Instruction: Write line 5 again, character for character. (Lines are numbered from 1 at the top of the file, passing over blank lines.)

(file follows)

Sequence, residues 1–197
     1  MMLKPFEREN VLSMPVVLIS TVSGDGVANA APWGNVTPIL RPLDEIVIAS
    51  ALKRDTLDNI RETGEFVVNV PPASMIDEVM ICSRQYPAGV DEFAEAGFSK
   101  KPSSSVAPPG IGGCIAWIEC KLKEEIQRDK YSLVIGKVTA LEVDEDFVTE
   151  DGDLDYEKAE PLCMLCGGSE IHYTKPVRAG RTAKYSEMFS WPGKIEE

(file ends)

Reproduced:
   151  DGDLDYEKAE PLCMLCGGSE IHYTKPVRAG RTAKYSEMFS WPGKIEE